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Step 2: Field Animation Observations You can start the simulation by clicking on the Forward button in the toolbar. If you do not see the Gaussian pulse propagating, the simulation may not have been reset. See whether the Reset button in the toolbar is active. If it is, click on it to erase all simulation data. Then click again. You should clearly see a Gaussian pulse propagating down the line. It represents the electric field Ey between the two parallel strips of the line. You are in fact observing the E y field component in the x-z plane as time runs forward. The elapsed time can be observed in the lower left corner of the application window. Answer Questions 1 and 2 in the Workbook. NOTE: To stop the simulation at any time, click the Stop button again from the beginning, click on , and then click on . To start the simulation again. You can also run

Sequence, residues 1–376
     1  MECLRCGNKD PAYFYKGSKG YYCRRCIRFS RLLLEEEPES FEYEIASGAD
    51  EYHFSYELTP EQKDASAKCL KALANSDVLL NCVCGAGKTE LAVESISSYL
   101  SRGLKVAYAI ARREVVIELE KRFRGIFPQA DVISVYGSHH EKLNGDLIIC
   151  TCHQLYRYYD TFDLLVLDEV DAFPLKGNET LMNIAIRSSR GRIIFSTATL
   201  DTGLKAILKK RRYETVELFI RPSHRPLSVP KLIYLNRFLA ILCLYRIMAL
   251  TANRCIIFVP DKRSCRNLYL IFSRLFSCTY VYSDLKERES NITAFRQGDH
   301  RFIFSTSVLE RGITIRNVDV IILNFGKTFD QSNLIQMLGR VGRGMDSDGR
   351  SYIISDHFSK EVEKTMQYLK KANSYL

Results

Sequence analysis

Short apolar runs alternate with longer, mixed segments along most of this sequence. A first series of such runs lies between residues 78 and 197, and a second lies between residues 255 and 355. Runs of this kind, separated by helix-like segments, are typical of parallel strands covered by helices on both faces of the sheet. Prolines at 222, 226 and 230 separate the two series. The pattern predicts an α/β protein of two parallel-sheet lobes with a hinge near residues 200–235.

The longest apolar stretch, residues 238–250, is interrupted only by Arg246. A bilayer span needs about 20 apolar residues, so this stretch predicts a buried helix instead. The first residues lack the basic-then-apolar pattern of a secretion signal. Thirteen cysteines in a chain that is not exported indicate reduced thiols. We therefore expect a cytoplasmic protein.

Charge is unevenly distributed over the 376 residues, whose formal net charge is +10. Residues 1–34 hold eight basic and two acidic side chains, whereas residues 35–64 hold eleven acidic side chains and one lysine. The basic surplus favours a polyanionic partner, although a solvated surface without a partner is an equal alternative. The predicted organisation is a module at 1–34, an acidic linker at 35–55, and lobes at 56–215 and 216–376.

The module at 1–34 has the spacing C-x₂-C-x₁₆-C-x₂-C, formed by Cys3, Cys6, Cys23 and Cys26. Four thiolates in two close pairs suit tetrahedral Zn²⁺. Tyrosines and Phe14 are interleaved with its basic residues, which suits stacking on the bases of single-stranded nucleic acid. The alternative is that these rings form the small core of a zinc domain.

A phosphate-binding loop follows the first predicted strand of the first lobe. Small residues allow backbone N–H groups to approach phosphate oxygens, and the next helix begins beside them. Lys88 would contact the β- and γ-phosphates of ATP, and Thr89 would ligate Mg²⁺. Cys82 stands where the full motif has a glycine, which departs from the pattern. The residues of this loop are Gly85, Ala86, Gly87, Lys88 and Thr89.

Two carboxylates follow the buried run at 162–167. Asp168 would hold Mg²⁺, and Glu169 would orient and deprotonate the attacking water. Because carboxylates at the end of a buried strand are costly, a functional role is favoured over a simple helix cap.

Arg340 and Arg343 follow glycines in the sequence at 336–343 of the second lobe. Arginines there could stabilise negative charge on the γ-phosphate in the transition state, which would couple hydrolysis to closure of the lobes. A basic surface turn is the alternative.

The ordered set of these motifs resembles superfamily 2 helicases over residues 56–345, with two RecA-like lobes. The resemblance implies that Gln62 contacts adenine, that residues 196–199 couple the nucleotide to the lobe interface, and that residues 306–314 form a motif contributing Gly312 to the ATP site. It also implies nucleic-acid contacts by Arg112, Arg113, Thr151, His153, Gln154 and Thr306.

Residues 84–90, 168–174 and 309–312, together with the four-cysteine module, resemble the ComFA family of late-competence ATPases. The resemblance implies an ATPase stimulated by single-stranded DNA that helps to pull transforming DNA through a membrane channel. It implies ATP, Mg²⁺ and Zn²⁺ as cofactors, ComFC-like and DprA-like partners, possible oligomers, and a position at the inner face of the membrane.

. Delta_t the simulator forward only one step at a time using Forward One Delta_t is a very small period of time indicating how often the field is being sampled in time by the simulator. You can change the Field Display Attributes in the Field menu at any time. To do so, right click anywhere in the animation window and select Field Display Attributes. An additional list of options appears, which will allow you to modify the plot appearance. Step 3: The Excitation Function Reset the simulation by clicking . To inspect the characteristics of the excitation function, select Source Waveform from the main menu. You should be seeing a tick next to Gaussian (f). Select it. Its characteristics will be displayed as follows: Magnitude: 0.707, Bandwidth [GHz]: 40, Gaussian-Modulated Carrier: Constant. Press OK and inspect the function plot. Answer Questions 3 to 6 in your Workbook. Select again Source Waveform → Gaussian (f). Change the bandwidth of the pulse to 20 GHz and click OK to inspect the function plot. Answer Questions 7 and 8 in your Workbook. Select again Source Waveform → Gaussian (f). Restore the bandwidth of the pulse to 40 GHz. You can return to the Field/3D view at any time by a right click on your mouse, and by selecting Field from the list of options. Once in Field, again with a right-click, you can select a 2D or a 3D view option. Alternatively, select View → Field, then Field → 3D from the main menu. NOTE: There are three main menus in MEFiSTo-2D: the Draw menu (layout and settings), the Field menu (3D and 2D animation), and the Graph menu (probe and source waveforms). When one is active, the other two are deactivated on your main menu bar. However, you can conveniently toggle between them by right clicking anywhere in the current window, and by choosing the desired menu from the appearing list of options.